In 1913, the Rev. Christopher Schiesl, one of the oldest and most widely known priests of the order of Passionists, was drowned about 6 p.m. the previous evening while bathing on the north side of the Beacon pier at Point Gratiot. The body had not been recovered. Father Christopher and the Rev. Oswin McGibbon, of St. Mary's Church in Dunkirk, were bathing together near the point. The lake was rough and there was a strong back wash. Father Oswin had climbed to the pier when he discovered that Father Christopher, who was a poor swimmer, was in distress. Father Oswin went to the aid of his brother priest but the back wash was too strong and he became exhausted. The hold he had on Father Christopher was broken and the latter was swept away and disappeared beneath the surface.
Plans for the celebration of Labor Day in Jamestown on Monday were practically complete and indications pointed to one of the best local celebrations of the day in many years. The day's program as usual would be under the direction of the Central Labor Council with which the various unions were affiliated. Of course, the success of the day would depend in a large measure on the condition of the weather. The parade would be the principal feature of the day as usual and would form at 10 a.m. and pass over the principal streets of the city as noted elsewhere. A pleasing feature of the parade would be the floats to be prepared by several of the local unions.
In 1938, a large merchandise truck lay in Lake Erie at the bottom of a 40-foot cliff near Dunkirk this day. Frank and Joseph Kuzma, Cleveland, Ohio-based truck drivers, reported to police their heavy vehicle became unmanageable late the previous night and swerved from the highway. They jumped, they said, and the truck ran down an incline, through gardens and an orchard and went over the cliff and into the Lake.
At the meeting of the board of education with Chairman L.S. Rossiter presiding, the plans and specifications prepared by Raymond A. Freeburg, architect, of Jamestown, for the proposed new centralized school building in Brocton, were accepted. Mr. Freeburg submitted the plans some time ago and by them the Federal grant of approximately $180,000 was obtained. It was expected that operations on the building would commence by Oct. 1 and if possible, would be ready for pupils the latter part of 1939.
In 1963, residents of Sunset Bay had started circulating a petition calling for federal help to prevent a recurrence of a disastrous flood, which the past March 17, caused heavy damage in the area. About 750 families had permanent and summer homes in the town of Hanover community where the Cattaraugus Creek flowed into Lake Erie. It was hoped eventually that a federal engineer could make a complete study and recommend steps for a permanent solution to flood ills.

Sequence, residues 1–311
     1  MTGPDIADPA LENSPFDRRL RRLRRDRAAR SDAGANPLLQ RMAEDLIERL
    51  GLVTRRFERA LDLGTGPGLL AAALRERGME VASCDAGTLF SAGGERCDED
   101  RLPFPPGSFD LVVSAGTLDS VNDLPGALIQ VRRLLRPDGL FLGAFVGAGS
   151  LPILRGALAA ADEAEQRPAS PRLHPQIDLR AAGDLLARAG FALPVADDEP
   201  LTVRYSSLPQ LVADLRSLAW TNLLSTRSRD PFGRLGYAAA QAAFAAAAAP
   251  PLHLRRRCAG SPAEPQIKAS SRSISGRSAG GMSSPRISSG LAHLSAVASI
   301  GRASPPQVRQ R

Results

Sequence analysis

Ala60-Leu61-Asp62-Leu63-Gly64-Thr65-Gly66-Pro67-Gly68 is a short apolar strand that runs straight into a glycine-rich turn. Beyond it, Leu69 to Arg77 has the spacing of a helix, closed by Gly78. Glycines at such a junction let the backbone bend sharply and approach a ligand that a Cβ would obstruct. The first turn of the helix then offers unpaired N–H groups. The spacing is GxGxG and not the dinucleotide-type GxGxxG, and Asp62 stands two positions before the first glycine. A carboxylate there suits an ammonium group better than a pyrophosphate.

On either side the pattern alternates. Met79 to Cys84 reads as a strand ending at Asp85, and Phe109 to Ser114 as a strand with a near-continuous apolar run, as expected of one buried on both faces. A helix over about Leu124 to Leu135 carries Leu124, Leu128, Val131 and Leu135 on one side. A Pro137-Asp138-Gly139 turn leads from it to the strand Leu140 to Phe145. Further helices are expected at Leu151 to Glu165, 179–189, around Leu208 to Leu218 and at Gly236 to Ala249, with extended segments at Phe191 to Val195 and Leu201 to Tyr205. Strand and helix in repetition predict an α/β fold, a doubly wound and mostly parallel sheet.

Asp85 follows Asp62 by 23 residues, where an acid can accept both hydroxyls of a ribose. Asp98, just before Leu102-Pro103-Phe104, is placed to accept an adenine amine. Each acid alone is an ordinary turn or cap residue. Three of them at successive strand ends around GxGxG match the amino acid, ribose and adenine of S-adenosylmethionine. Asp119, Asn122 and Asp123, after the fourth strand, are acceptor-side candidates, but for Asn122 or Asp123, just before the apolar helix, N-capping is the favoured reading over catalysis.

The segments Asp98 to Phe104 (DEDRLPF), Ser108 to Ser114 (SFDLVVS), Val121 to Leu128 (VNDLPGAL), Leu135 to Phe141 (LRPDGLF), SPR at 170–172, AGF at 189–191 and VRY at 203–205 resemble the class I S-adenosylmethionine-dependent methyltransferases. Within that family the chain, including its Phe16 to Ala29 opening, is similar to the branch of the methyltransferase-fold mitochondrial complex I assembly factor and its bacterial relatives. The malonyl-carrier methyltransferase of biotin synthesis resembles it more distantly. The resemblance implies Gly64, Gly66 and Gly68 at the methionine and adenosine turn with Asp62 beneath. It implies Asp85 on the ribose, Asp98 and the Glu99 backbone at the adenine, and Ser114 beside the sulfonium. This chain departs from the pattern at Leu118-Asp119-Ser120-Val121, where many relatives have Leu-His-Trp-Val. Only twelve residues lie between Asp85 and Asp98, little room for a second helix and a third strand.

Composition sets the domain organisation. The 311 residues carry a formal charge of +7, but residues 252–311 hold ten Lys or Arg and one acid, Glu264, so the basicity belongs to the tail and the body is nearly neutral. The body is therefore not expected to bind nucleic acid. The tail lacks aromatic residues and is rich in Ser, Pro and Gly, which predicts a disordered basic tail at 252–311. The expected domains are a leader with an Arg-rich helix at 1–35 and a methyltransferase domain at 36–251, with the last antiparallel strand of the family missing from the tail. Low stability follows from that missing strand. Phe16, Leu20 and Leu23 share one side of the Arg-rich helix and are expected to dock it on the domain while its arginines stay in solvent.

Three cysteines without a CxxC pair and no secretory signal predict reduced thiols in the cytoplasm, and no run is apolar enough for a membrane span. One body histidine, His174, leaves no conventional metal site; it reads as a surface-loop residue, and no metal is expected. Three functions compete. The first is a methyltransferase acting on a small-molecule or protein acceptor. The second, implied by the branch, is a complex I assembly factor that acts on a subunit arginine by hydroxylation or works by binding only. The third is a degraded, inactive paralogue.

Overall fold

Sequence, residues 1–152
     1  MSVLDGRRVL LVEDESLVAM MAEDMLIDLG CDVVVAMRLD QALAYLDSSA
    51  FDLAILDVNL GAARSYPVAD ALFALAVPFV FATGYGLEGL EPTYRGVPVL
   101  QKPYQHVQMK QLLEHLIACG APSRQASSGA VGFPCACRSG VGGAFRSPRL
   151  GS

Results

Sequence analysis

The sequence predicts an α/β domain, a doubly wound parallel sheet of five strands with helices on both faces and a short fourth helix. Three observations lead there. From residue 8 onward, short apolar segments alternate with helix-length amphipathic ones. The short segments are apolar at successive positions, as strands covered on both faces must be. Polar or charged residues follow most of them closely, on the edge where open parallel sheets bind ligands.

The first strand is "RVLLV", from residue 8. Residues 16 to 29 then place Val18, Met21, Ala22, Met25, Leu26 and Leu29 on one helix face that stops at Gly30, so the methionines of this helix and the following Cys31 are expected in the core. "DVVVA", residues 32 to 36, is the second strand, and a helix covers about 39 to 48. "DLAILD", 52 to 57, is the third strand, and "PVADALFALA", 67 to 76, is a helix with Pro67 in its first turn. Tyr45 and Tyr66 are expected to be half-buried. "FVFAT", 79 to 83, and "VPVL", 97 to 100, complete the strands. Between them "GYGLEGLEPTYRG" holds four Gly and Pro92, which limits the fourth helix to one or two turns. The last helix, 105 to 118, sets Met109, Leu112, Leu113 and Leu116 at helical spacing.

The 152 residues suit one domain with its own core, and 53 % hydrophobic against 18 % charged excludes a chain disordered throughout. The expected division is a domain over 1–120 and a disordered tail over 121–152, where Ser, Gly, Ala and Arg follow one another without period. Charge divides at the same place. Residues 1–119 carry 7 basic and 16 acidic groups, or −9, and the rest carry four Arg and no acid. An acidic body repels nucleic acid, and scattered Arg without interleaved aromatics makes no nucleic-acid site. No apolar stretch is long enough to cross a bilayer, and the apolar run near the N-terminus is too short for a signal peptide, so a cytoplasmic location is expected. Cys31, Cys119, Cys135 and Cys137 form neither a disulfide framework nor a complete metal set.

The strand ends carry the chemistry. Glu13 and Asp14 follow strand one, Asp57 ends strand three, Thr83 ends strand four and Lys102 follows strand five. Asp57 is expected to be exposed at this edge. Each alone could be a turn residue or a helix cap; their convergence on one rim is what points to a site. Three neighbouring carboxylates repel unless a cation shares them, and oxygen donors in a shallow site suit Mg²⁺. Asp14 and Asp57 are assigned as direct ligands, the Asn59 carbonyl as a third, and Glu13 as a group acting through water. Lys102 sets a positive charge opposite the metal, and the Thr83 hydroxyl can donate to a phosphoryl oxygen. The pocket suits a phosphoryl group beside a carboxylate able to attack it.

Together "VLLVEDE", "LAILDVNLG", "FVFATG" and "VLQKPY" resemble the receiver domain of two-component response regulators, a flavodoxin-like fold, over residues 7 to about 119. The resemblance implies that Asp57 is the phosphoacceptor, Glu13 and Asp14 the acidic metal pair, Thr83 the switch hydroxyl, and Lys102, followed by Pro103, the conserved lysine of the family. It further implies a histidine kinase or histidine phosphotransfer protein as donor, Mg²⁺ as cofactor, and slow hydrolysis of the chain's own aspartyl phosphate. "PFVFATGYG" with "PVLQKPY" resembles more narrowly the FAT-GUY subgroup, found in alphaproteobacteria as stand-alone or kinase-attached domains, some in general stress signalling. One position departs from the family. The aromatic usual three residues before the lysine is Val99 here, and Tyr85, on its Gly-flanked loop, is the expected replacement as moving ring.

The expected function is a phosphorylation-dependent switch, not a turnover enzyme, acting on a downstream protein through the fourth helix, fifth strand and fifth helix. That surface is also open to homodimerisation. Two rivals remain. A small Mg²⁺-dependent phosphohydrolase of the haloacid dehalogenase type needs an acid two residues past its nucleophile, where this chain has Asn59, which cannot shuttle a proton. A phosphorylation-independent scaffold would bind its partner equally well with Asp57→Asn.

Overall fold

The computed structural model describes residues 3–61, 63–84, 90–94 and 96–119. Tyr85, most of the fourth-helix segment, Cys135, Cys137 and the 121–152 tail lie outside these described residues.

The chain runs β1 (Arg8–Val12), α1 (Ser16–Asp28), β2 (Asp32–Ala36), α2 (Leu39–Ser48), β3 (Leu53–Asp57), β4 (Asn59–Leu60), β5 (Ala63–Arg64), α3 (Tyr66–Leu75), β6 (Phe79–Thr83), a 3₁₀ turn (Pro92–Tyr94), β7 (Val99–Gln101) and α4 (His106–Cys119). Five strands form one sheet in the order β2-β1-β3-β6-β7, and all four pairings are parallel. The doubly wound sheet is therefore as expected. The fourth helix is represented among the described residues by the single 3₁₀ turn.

Business leaders and city officials were jubilant with their success in attracting another new industry to Salamanca, the second in less than a month, and joined together with the officials of the new Palmer Bakery Inc. in a welcoming get-together at the plant the past evening. The new company, which had purchased the former milk processing plant, later the Gordon Baking Co. on Summit Street, would manufacture and distribute hand-cut cookies in four different varieties under the brand name of Palmer's Hand-Cut Cookies.
In 1988, current scientists had suggested that future archaeologist unearthing American cities might well designate the present era as the plastic civilization. The matter was one of some concern nationally and a the local level. Among the major contributors locally were supermarkets using plastic carry-out bags to accommodate customer purchases. Many of the bags ended up at Chautauqua County's town of Ellery landfill where their light weight could cause them to become airborne and attach themselves to fences, trees and bushes throughout the area before they could be buried. Some area supermarkets were making a conscious move away from plastic bags and other containers to help lessen the problem locally.
Mandatory recycling was the alternative Pennsylvania legislators chose to replace a twice-proposed and twice-defeated beverage container deposit law. "As far as a so-called Bottle Bill, I don't see anything in the immediate future because now that we have this recycling law in effect, I think people are going to wait and see how much glass gets recycled under this program," state Rep. Curt Bowley, D-Sheffield, said. Bowley was the main sponsor of a beverage container deposit law in 1986 which gained him the title "Bottle Bill Bowley."